Walking from Lawrence to City Center on Friday afternoon was like nothing else I’ve ever experienced here. I’ve been here 10 years and I’d never seen a pride flag up anywhere other than the local gay bar; in Brooklyn, nearly every bar has a rainbow decal or flag up somewhere. And I’ve known so many students at LU who needed to see them, so many adults who needed to, so many young people. Too many. This area has lost far too many young people to suicide due to bullying; one of the first times I was called on to do some education for local leaders was because a young person had taken their own life.
Some days there is way too much pain and way too much loss and way too much worry about the future. I have been worrying about gay people since I was very very young and people only assumed I was queer because of my gender. I have been married to a trans woman for nearly two decades and in that time things have gotten better but lately they are getting worse – a lot worse, and too fast.
Activism can be lonely work. We’re not normal people. But I have had so many people in Appleton and elsewhere who have said the right thing at the right time or posted the right meme at the right minute. So walking down College Ave, the main drag in Appleton, to see shop after shop after shop with a flag up felt like a homecoming for this activist. Appleton has never quite felt like home to me, and New York always will be, but for those few minutes, walking down that avenue, remembering all the people who were excited to receive their flag and who asked if they could put it up early and if they could keep it so they could put it up in June made me realize that I am more of this place than I ever thought.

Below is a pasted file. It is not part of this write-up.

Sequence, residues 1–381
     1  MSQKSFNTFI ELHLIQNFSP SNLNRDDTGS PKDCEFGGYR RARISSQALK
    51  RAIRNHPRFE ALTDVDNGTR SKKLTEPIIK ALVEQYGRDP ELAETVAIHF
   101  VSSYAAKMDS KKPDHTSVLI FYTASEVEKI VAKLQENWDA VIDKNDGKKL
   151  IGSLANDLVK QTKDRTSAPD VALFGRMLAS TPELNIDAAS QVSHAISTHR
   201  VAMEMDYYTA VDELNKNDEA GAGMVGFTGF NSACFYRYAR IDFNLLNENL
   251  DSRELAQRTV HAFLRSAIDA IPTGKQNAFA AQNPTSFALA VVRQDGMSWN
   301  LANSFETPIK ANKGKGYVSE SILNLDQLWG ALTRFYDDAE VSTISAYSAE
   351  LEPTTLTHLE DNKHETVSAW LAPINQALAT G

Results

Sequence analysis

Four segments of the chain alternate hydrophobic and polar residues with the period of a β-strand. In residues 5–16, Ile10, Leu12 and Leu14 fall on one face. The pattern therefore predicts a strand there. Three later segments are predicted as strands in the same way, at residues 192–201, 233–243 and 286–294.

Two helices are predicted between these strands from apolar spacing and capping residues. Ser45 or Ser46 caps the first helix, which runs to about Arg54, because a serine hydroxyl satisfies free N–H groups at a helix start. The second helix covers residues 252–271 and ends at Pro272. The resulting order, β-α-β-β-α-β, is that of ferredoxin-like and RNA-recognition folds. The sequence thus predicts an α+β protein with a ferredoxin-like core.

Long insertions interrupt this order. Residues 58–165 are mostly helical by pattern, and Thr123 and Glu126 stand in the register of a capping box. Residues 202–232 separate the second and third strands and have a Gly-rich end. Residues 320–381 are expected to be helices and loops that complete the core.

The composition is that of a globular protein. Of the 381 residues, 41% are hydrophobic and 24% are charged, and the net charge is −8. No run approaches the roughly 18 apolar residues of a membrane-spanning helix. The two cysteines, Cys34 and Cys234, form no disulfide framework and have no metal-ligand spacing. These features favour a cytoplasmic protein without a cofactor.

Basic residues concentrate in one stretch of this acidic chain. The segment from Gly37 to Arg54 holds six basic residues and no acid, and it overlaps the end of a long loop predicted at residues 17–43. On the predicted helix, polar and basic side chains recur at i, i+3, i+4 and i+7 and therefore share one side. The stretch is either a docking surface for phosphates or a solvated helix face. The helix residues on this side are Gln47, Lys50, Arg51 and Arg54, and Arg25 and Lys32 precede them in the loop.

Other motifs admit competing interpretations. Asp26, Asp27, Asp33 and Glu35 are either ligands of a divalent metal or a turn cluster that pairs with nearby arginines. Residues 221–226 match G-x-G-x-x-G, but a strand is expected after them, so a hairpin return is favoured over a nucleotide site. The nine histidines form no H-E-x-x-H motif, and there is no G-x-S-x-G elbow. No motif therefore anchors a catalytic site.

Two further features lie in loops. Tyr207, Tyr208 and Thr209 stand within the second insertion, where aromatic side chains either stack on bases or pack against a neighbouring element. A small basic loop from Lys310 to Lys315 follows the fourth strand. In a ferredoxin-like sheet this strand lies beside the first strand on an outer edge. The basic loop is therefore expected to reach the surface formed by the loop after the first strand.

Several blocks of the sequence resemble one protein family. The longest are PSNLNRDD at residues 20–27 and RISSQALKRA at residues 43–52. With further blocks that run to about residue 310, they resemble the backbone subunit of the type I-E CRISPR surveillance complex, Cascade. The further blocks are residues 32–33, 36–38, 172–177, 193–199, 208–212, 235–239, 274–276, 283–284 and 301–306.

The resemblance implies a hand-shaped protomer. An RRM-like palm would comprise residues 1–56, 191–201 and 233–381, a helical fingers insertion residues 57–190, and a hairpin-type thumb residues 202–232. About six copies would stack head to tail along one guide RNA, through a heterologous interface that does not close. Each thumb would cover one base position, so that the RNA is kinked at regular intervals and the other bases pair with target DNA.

I’m guessing that other LGBTQ people felt the same way. In fact I know they did. Even some who aren’t here, the Appleton queer people who grew up here but left told me they were moved that their hometown had done this, finally. The person who watched a friend get gay bashed posted that her same friend would have been happy to see it. Former students told me. Older lesbians told me. It’s difficult to put into words how a simple gesture like a flag can suddenly make you realize that there are people who care, there are people who know how hard it is, there are people who don’t know but want to help however they can.
It’s not legislation. It’s not a cure. It’s not an end to the violence. But it is meaningful, and it is comforting. While I was walking that avenue with tears in my eyes it was perfect.
Thank you so much to so many people who helped, encouraged, volunteered, celebrated. Thank you to Tim Hanna and Karen Nelson, of course. But Nate Wolff (Team HellWolf is now a thing), Kathy Flores, Nick Ross, Vered Meltzer, Reiko Ramos, Nik Shier, Cory Chisel & Ade Denae, the good folks at Rainbow Over Wisconsin and their board, & everyone who donated time or money or just sheer fucking enthusiasm: it was so easy to ask and so hard to imagine but here we are, through the sound barrier, and now we figure out what next.
Love to you, Appleton, and your shitty cold weather and warmer hearts: you did good.